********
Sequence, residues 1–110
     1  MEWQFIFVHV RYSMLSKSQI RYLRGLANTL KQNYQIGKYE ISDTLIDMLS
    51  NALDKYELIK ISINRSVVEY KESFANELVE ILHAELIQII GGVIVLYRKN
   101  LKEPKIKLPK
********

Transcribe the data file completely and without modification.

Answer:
Sequence, residues 1–110
     1  MEWQFIFVHV RYSMLSKSQI RYLRGLANTL KQNYQIGKYE ISDTLIDMLS
    51  NALDKYELIK ISINRSVVEY KESFANELVE ILHAELIQII GGVIVLYRKN
   101  LKEPKIKLPK